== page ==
Separated, Locked Down, and Unequal: The Grey Hair Revolution’s resistance to draconian quarantine in Colombia

by | Aug 14, 2020

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About Esteban Hoyos-Ceballos Rodrigo Uprimny-Yepes

Esteban Hoyos-Ceballos is a Professor of Law at Universidad EAFIT in Medellin, Colombia. He holds an LL.M. and J.S.D degrees from Cornell Law School.

In July 2020, Colombian Administrative Judge Edith Alarcón-Bernal announced her decision to protect the rights to equality and non-discrimination of Colombians over 70 years old. The decision followed a tutela litigation brought by the so-called “Grey Hair Revolution” movement, which challenged the Colombian government’s decision to impose a stricter quarantine on people over 70, and to more severely restrict their regular physical activity.

The plaintiffs – a group of notable former politicians, public servants and entrepreneurs – did not oppose quarantines of the general population put in place to control the spread of the virus. They also acknowledged in the tutela petition that the elderly are more prone to health complications as a consequence of the Covid-19. What the plaintiffs objected to was a set of paternalistic, disproportionate and discriminatory measures that they believe have stigmatized and discriminated against the elderly during the pandemic. When the measures were initially adopted in March, the government of President Iván Duque called on Colombians to protect the “abuelitos” (diminutive of grandparents) during the pandemic – a statement typifying the paternalistic tone and character of these measures.

Judge Alarcón-Bernal concluded in her 76-page ruling that the plaintiffs were right. Even though the final objective of the government – to protect the right to health of the elderly – was legitimate, the government’s measures were disproportionate, discriminatory, ineffective and violated their human dignity.  The ruling cited three main justifications:  First, scientific evidence shows that the health of people over 70 can be severely affected as a consequence of a long confinement. This is important, because the government has argued that scientific evidence supports the government’s decisions made during the pandemic.

Second, according to the opinion, the government had other alternatives to protect the rights of the elderly that do not discriminate and violate their human dignity. These measures include, for example, the increase in intensive care units to serve the entire population affected by Covid-19. Third, the judge argued that those over 70 are assuming disproportionate burdens in this pandemic vis-a-vis the rest of the population. This goes against international human rights law as well as the jurisprudence of the Colombian Constitutional Court, which has established a strict legal standard when consideration of age is involved. Finally, the judge ordered the government to sit down with the petitioners, and with a group of scientific institutions, to reach agreements on measures that affect this group, something the government had not done during the crisis. In the meantime, and effective immediately, people over 70 would be recipients of the same treatment as the rest of the population.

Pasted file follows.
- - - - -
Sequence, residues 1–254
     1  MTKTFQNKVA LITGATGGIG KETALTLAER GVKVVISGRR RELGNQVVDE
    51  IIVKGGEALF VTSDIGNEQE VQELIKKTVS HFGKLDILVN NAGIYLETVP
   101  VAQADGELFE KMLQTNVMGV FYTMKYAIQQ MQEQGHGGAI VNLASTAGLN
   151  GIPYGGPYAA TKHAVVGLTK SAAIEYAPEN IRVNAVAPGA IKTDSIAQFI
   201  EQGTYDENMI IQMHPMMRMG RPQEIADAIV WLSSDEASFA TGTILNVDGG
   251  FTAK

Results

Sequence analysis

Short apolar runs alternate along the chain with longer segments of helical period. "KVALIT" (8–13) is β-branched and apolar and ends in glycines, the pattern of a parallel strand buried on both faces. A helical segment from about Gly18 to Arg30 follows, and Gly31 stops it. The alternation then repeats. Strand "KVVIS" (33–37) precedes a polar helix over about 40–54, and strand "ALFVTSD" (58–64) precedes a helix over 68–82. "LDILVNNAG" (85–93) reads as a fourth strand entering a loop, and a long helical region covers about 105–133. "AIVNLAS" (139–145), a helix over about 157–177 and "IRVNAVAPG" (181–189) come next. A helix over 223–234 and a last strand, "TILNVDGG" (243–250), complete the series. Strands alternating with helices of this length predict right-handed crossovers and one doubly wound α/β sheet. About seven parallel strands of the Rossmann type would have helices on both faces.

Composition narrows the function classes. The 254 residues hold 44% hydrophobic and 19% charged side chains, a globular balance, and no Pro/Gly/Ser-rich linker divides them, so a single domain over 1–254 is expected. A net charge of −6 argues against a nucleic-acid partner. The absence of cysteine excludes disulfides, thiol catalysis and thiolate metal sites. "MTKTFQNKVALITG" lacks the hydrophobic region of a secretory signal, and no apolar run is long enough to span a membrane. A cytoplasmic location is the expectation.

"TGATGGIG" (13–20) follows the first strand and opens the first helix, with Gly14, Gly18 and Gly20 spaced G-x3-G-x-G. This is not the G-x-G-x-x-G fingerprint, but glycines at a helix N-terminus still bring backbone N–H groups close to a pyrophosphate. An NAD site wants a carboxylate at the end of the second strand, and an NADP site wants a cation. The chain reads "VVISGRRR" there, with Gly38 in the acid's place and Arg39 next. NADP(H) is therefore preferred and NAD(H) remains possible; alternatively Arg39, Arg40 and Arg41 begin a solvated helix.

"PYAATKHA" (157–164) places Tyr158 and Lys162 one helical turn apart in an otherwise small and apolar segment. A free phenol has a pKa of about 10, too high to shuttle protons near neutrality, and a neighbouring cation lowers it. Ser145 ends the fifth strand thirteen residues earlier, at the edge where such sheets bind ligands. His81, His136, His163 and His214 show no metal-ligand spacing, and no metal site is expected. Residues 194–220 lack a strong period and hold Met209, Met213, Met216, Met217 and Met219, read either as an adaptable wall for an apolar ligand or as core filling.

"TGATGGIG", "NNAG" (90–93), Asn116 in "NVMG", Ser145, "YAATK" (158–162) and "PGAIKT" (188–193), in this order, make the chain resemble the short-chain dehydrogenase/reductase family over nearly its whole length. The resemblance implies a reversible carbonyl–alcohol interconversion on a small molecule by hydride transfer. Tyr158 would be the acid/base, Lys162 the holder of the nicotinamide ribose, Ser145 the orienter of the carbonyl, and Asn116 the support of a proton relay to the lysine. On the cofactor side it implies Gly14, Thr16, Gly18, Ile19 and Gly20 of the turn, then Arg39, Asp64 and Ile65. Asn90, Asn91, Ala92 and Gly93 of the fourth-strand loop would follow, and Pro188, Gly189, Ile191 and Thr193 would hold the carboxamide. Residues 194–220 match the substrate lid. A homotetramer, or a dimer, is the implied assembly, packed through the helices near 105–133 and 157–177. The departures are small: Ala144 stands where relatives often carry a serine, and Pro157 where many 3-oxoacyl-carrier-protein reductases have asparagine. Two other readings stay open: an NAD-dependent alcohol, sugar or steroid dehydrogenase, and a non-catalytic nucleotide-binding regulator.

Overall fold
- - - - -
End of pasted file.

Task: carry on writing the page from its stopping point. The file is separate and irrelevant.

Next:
The Colombian government immediately announced that they would appeal the decision, and while they met with the petitioners, they were not willing to substantively engage with them. Over the past several weeks on his daily television show informing the country about the current state of the pandemic, the President attacked the ruling and the petitioners in the case. The President intended to win in the court of public opinion since his government has lost in the courts, and continues to insist on paternalistic and discriminatory measures that humiliate and disempower those over 70.

On August 10, in a unanimous decision, three judges of the Administrative Tribunal of Cundinamarca (Court of Appeals) confirmed the ruling. They insisted on the violation of the right to equality, and extended the ruling beyond the petitioners, to all people over 70 in Colombia. The Colombian government had to comply with the Court’s order.

The virus does not affect everyone equally. But governments should thoughtfully address inequalities and not create new divisions and patterns of discrimination through their public health decisions. Measures to protect groups who, according to scientific evidence are more vulnerable to the virus must be carefully drafted in consultation with those most vulnerable, and in accordance with their life circumstances, the Constitution, and international human rights law. In this case, for example, we know that 67% of older people in Colombia share their home with someone other than their partner.Depending on the behavior of these other, usually younger people, the elderly may be at high risk of getting the virus even in their own homes. This points to the futility of having separate quarantines. It is of course permissible for governments to adopt measures in accordance with the different age groups. But it is discriminatory to do so without gathering all relevant evidence and working with the affected population – the very people who will be disproportionately impacted by these stricter measures. Social solidarity must be everyone’s responsibility and not only of the elderly. As the Secretary-General of the United Nations António Guterres said recently “the pandemic is putting older people at greater risk of poverty, discrimination and isolation.” Governments should not aggravate this situation with their actions and decisions.

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